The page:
“One important factor to consider is whether the device has similar classifications in different regions,” she said.  “When there are overlaps, you can really take advantage of those similarities in your clinical study design. However, if there are differences in indications, intended purposes, and clinical benefits, these differences must be carefully considered in the study design and regulatory submissions.”

Another factor to consider is the difference between claiming equivalence versus substantial equivalence. This can have huge implications, especially when comparing the requirements for the EU's Medical Device Regulation (MDR) versus those of the US Food and Drug Administration (FDA). In some cases, companies may need to conduct additional studies to meet the requirements of both regulatory bodies. 

Companies should also explore whether there is any existing data in the region that can be used. You may be able to extend your post-market study in one region to a pre-market study in another that includes a new patient population. This can be an efficient way to gather data while also reducing costs. 

However, it is important to note that data processing consent (GDPR) must be collected from EU citizens and cannot be integrated into the informed consent form. Furthermore, subject data collected on EU citizens cannot be transferred to the US without consent. While there is no US law that prohibits data transfer to the EU, the California Consumer Privacy Act (CCPA) might require data consent.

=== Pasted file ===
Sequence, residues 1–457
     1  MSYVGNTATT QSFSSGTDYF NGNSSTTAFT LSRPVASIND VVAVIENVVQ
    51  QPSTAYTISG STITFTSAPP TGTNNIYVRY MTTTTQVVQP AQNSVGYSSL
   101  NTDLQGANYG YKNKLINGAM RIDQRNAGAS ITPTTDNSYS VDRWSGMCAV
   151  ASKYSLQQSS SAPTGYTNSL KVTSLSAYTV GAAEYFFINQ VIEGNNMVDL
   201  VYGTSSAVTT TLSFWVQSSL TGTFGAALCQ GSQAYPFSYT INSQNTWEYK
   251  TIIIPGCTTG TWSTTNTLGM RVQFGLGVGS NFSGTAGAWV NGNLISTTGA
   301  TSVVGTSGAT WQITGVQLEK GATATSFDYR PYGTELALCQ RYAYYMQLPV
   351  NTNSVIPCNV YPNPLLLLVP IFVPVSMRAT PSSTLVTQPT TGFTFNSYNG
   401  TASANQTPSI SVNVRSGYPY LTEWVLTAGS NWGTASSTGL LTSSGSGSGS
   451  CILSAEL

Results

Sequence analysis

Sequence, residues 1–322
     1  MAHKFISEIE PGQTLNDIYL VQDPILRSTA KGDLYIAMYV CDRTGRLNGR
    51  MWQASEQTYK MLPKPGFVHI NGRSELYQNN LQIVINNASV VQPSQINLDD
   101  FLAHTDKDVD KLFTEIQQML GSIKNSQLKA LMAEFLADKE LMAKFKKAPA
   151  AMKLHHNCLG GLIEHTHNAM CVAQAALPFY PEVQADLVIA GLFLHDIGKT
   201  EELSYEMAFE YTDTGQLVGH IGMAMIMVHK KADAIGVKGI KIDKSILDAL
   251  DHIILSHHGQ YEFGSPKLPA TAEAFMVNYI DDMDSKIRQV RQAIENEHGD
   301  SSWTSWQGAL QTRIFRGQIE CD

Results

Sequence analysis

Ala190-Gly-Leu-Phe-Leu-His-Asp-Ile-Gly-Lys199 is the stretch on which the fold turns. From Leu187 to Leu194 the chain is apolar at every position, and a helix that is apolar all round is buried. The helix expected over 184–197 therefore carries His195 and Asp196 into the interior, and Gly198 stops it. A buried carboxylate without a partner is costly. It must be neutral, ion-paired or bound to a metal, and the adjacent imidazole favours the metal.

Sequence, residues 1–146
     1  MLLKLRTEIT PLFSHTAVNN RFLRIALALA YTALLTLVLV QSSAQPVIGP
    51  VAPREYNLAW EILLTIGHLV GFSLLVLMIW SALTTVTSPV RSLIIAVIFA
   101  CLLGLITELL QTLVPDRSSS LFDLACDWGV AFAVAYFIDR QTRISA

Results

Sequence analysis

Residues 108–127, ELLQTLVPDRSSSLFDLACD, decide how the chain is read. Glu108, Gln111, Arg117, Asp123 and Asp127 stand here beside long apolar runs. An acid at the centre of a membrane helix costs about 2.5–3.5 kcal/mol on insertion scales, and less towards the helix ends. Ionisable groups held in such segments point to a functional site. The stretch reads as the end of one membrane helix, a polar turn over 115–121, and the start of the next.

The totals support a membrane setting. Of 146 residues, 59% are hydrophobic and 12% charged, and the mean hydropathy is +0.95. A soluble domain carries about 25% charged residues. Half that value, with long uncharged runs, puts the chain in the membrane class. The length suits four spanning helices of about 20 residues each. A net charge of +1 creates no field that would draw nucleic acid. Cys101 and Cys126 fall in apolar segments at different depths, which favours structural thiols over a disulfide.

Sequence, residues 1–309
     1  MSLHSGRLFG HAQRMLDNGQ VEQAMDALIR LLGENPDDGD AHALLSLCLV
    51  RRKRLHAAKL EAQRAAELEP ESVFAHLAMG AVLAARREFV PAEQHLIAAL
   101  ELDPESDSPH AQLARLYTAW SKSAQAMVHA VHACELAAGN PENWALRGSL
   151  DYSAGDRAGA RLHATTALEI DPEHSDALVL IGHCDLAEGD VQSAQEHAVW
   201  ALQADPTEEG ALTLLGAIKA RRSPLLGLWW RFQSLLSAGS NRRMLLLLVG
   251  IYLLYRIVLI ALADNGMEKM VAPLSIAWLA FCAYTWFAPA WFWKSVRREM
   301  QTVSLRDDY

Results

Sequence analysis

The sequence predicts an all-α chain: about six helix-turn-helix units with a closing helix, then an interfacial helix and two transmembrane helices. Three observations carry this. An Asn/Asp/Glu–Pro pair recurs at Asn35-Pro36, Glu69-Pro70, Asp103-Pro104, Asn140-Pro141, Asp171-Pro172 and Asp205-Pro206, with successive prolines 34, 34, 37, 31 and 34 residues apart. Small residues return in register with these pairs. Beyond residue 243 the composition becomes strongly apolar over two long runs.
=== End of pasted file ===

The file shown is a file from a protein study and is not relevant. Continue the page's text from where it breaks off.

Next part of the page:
Finally, it is important to keep in mind that good clinical practice (GCP) is required in the EU. This means that clinical trials must be conducted in accordance with internationally recognized ethical and scientific standards.

FREE ON-DEMAND WEBINAR: Click here to see what you need to consider before starting to collect clinical data & how to best optimize your clinical strategy for multiple markets.

Choose an EDC system that has you covered globally with Greenlight Guru Clinical

If you’re ready to start thinking globally about your medical device submissions, you need a clinical data collection partner who does the same.

Greenlight Guru Clinical is the leading clinical data collection toolbox, purposefully built for MedTech across multiple geographies. Collect and manage clinical data in pre and post-market clinical studies, including registries, cohorts, surveys, human factor testing, design validation, and more.

And take peace of mind knowing that Greenlight Guru Clinical meets the regulatory requirements of the FDA, EU, and most other countries, and ensures compliance out-of-the-box with GCP and ISO 14155:2020.

Ready to get started? Click here to get your free demo of Greenlight Guru Clinical today!

Jón Ingi Bergsteinsson, M.Sc. in Biomedical Engineering, is the co-founder of Greenlight Guru Clinical (formerly SMART-TRIAL). He was also the technical founder of Greenlight Guru Clinical where he paved the way for the platform’s quality standards, data security, and compliance.

Using Clinical Data for Device Submissions in EU & US
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How to Use Clinical Data for Medical Device Submissions in EU and US